ASN's Mission

To create a world without kidney diseases, the ASN Alliance for Kidney Health elevates care by educating and informing, driving breakthroughs and innovation, and advocating for policies that create transformative changes in kidney medicine throughout the world.

learn more

Contact ASN

1401 H St, NW, Ste 900, Washington, DC 20005


The Latest on Twitter

Kidney Week

Abstract: FR-PO102

Distinct Morphological Features of Acute Tubular Injury in Renal Allografts Correlate with Clinical Outcome

Session Information

Category: Acute Kidney Injury

  • 003 AKI: Clinical and Translational


  • Schumann-Bischoff, Andrea, Hannover Medical School, Hannover, Germany
  • Schmitz, Jessica, Hannover Medical School, Hannover, Germany
  • Scheffner, Irina, Medical School Hannover, Nephrology, Hannover, Germany
  • Schmitt, Roland, Medizinische Hochschule Hannover, Hannover, NI, Germany
  • Broecker, Verena, Sahlgrenska University Hospital, Gothenburg, Sweden
  • Haller, Hermann G., Hannover Medical School, Hannover, Germany
  • Braesen, Jan H., Medizinische Hochschule Hannover, Hannover, NI, Germany
  • Gwinner, Wilfried, Hannover Medical School, Hannover, Germany

Acute tubular injury (ATI) is common in renal allografts and is related to inferior long-term allograft function. However, it is unknown which of the morphological features of ATI can predict outcome and how they should be graded. Here, we examine features of ATI systematically in protocol biopsies and biopsies for cause to define the most predictive features for allograft outcome.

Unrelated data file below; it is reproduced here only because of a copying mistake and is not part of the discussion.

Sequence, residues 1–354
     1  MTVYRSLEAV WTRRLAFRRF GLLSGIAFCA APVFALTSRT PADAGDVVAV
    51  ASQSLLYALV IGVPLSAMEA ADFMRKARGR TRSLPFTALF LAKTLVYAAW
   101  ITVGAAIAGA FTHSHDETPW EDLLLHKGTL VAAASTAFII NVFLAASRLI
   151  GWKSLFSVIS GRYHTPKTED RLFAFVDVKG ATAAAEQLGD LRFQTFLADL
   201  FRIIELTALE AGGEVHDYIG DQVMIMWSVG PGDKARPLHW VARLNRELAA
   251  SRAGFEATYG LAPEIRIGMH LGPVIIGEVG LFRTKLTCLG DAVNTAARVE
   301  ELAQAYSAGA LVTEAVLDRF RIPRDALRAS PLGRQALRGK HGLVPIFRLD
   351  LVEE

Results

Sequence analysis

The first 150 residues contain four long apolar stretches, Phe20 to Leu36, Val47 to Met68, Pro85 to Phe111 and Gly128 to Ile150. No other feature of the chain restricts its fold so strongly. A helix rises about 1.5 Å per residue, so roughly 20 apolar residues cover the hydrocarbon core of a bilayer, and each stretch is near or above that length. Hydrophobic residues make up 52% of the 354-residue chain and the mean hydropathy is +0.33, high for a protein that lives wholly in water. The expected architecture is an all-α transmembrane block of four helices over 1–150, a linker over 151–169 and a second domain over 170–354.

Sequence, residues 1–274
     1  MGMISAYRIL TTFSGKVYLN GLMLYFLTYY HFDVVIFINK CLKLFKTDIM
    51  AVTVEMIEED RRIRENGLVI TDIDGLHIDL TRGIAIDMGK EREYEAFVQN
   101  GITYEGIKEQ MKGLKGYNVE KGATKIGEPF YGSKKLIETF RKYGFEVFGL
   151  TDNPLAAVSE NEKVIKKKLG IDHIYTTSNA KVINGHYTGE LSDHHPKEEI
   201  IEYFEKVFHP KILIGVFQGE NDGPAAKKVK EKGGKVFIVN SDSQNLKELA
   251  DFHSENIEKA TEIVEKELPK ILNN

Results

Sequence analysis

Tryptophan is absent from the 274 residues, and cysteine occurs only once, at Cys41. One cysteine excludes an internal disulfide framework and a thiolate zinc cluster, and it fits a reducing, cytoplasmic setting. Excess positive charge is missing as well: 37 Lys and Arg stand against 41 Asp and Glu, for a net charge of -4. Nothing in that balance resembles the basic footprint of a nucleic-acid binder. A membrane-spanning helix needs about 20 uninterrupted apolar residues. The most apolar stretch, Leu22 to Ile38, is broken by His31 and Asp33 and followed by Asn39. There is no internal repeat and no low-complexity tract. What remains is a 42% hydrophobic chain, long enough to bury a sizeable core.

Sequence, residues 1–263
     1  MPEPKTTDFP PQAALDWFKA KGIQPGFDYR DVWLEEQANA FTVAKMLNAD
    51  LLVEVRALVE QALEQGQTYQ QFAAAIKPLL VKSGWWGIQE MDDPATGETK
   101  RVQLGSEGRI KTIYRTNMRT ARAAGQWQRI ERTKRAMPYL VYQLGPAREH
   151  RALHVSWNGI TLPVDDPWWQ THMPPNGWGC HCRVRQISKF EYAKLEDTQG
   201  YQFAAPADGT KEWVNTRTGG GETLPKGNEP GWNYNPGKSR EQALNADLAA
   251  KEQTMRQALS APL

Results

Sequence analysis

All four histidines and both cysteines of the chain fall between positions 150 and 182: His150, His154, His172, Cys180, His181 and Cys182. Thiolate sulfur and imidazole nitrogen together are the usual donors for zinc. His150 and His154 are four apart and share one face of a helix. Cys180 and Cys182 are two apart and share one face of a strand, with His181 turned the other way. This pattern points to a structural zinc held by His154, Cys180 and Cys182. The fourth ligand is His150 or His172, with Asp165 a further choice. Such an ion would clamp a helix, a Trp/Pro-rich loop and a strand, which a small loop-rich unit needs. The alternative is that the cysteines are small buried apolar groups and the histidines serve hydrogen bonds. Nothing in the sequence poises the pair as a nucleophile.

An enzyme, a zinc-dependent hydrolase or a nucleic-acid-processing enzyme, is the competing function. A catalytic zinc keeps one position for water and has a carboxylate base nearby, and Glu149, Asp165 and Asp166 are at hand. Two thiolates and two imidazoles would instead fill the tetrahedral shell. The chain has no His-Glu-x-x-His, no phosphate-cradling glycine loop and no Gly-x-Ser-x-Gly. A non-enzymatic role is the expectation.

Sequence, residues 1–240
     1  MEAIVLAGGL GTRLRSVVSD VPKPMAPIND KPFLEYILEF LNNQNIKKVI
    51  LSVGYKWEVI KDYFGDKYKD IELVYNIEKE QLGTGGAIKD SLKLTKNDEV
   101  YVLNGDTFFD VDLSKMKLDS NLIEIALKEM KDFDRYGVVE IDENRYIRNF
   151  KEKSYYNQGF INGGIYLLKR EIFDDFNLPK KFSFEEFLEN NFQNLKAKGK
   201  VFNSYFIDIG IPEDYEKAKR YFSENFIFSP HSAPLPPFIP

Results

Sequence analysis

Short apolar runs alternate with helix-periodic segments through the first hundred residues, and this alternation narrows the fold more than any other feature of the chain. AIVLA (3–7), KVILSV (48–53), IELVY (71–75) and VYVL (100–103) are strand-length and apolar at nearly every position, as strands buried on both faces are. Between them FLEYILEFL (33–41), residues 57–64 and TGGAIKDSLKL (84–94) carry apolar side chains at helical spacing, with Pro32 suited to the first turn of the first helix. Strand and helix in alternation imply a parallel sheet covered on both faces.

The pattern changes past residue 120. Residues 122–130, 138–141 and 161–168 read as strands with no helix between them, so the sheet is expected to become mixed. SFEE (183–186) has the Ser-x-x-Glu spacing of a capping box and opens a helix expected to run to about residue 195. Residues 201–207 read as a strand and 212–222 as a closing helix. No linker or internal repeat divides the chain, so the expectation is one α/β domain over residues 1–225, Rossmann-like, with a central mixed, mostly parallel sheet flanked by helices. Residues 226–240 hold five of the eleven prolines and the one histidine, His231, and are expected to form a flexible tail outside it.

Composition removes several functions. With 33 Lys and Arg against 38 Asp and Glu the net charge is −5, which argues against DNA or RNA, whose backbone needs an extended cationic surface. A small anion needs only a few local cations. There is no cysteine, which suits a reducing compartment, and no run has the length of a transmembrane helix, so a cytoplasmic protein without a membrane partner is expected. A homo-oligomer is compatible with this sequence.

Analyses included 521 protocol biopsies taken at 6 weeks, 3 and 6 months after transplantation and 141 biopsies for cause from 204 patients. Features of ATI included brush border loss, tubular epithelial lucency, flattening, pyknosis, nuclei loss and luminal debris, each graded semi-quantitatively. Additional immunohistochemical stainings were performed for markers of cell injury (NGAL), cell death (cleaved caspase-3, FACL4) and proliferation (Ki-67).


Inter-observer reproducibility was good for pyknosis, flattening, brush border loss, fair for lucency and poor for nuclei loss and luminal debris. In protocol biopsies between 6 weeks and 6 months, the degree of ATI remained virtually unchanged. Biopsies for cause had generally higher injury scores. Deceased donor source, delayed graft function, ganciclovir/valganciclovir treatment and urinary tract infection correlated with ATI. The degree of brush border loss, lucency, pyknosis, and FACL4 expression correlated best with impaired allograft function. Only in patients with tubular Ki-67 expression long-term allograft function improved.


Reliable assessment of ATI is possible by semi-quantitative grading of tubular epithelial cell brush border loss, lucency and pyknosis, and the novel ferroptosis marker FACL4. Examination of Ki-67 expression can help determine the potential for recovery from this damage.